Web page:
Health Trainers Topic of Radio 4 Programme
30 March 2009
In 2007 the RSPH was funded by the Department of Health to develop a programme of learning for Health Trainers. This has resulted in the development of the RSPH Level 2 Award in Understanding Health Improvement. The government white paper, entitled Choosing Health: Making healthy choices easier published in 2004, identified the need for a new role of NHS Health Trainer to be established, to advise, motivate and support individuals to adopt a healthier lifestyle. The short Level 2 Award has been developed in support of the wider Health Trainer role identified in the white paper, for which Level 3 qualifications have also been developed by other awarding bodies.
Health Trainers were the topic of a recent Radio 4 programme, Whose Health is it Anyway? presented by Barbara Myers, on the 9th March 2009
Introduction- ‘Well we’ve been told time and again on the television, in magazines and by medical professionals what’s good for our health. So why can’t we lose weight, stop smoking and get fit? If we can’t do it on our own can a new breed of personal health trainers do it for us? Barbara Myers asks if health trainers are the key to a healthier Britain.’
The programme began with two health trainers, John and Jackie, talking about the health problems they have struggled with. Jackie says ‘I’ve successfully quit smoking, I’ve struggled with my weight on and off over the years, so when people come in, I feel like you know I can empathise with them, I can give them as much support as I can.’
Barbara Myers began ‘Jackie and John have both struggled with their health, and their unhealthy lifestyle. And who hasn’t? Too much food, too little exercise, and the other usual suspects; booze and fags. But unlike the rest of us, Jackie and John have turned their personal quest for healthy living into a public mission. Taking part in the unique grassroots public health initiative they have become health trainers.’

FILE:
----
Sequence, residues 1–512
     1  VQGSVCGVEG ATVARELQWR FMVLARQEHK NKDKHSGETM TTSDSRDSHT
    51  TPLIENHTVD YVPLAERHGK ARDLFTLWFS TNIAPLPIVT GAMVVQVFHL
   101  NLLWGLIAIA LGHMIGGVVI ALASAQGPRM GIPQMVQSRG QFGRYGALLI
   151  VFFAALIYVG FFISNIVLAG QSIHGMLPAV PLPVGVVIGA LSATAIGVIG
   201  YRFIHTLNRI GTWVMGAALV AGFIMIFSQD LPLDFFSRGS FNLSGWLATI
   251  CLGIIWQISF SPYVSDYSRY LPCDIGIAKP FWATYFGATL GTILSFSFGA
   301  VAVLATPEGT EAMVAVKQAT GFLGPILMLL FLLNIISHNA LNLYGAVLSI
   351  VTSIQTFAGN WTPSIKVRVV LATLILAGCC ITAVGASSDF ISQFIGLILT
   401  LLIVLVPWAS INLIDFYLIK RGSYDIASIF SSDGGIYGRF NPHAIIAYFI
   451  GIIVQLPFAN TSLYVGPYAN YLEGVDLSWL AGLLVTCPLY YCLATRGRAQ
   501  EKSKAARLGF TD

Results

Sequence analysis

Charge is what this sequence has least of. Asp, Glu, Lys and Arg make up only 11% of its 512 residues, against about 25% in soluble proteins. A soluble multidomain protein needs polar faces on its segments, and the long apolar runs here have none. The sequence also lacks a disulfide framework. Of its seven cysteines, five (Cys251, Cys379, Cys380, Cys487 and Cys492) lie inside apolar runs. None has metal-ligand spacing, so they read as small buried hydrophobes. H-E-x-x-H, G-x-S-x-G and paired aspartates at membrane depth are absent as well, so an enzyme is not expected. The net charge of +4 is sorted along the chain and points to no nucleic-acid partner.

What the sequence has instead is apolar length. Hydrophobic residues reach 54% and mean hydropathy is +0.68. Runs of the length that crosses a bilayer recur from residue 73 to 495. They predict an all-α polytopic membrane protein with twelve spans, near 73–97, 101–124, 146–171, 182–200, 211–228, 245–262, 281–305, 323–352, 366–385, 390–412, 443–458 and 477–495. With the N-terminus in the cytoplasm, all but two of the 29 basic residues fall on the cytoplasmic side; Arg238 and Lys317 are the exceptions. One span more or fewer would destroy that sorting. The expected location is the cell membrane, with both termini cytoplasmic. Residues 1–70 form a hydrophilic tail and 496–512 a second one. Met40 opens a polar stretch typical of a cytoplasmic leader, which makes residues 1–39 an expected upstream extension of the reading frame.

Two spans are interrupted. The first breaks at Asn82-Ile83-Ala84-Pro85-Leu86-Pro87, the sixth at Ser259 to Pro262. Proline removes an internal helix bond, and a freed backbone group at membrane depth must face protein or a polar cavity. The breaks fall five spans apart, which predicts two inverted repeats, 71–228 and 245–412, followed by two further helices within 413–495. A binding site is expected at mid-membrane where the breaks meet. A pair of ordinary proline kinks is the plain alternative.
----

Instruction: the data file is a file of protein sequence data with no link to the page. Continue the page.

Barbara Myers explained that health trainers are men and women of all ages and from various different backgrounds, who are using their own life experiences and their understanding of the local community to help others improve their health.
Rachael Carse, the NHS national programme lead for health trainers, said of them: ‘They are so motivated to help people in the right way without being bossy and they are so focused on getting it right and supporting their communities’
Barbara Myers outlined that the programme aim was to find out more about the ‘new breed’ of health trainers and whether the concept can really make a difference to the health of the nation. The idea was proposed by the Department of Health in 2004, in its white paper ‘Choosing Health’. The slogan was ‘advice from next door not from on high’. A few spearhead PCTs began training and recruiting volunteers to work in various community settings. Other PCTs are only now beginning to roll it out; provision is patchy. So if you’ve never met a health trainer how would you recognise one? Carse said ‘in essence a health trainer could be anybody. It could be your librarian; it could be a pharmacy assistant. It is somebody who has protected time to do their health trainer work.’